My friend Norio Muroi from Tokyo, Japan, is like a Japanese version of me. He, too, could eat a burger everyday. In fact, when he visited the States for the first time, about a year ago, he stopped by my hometown for a few days and consumed a red-blooded American burger each day. Good thing I hadn't started my wheat-free regimen, because on the first day, we ate the famous cheeseburgers at Ron's Lounge. We sat down for lunch the second day at Steak 'n Shake for double steakburgers with cheese. And on the third day, we consumed big, thick cheeseburgers at Hardee's. Muroi-san said his favorite burger was Steak 'n Shake's double-beef concoction of utter deliciousness. Good choice. The man could easily survive in America if he had to.
I make a lot of noise when I eat burgers. By that, I mean I ooh and ahh a lot – maybe too much. I can't help that it sounds more like I'm making love to the burger than like I'm eating it. I guess I should try to tone it down a little. I could keep it simpler, perhaps like Samuel L. Jackson's Jules of "Pulp Fiction" fame: "Ummmmmm. This is a tasty burger." I'm sorry. I don't know if I can do that; I don't think I can be that subdued. I've got to moan and groan some oooohs and ahhhhhs as I thoroughly enjoy my juicy sacrifice to the burger gods.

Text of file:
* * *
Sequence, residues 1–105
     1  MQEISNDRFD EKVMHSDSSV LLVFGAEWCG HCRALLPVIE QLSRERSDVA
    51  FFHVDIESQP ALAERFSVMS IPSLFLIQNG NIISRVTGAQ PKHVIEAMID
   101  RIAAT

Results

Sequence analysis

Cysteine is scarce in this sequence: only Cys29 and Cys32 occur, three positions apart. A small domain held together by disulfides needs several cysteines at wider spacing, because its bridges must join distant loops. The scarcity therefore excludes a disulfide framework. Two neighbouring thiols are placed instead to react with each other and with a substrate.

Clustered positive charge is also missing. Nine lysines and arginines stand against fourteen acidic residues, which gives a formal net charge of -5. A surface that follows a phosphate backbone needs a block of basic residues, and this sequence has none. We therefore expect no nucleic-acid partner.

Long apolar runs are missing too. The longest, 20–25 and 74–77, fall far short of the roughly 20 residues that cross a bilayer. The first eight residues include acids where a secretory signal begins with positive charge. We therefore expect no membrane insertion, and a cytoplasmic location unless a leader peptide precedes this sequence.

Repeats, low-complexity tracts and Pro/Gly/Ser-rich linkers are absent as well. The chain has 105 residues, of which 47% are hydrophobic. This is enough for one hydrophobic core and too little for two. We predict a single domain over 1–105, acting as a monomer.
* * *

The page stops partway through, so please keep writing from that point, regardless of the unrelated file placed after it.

After last week's announcement of the Angus Burger's demise, McDonald's has announced this week that it's beefing up its menu with three new Quarter Pounders. The three versions are to be the Bacon and Cheese Quarter Pounder, the Deluxe and the Habanero Ranch. Well, bless my burgerness. So long, Angus. Hello, your quarter-pound excellency. Welcome to my burger world!
Now, I've got to check my calendar and determine which day next month I'm allowed to have some wheat. Then I have to determine Bacon and Cheese Quarter Pounder or Habanero Ranch. How about both? Sweet.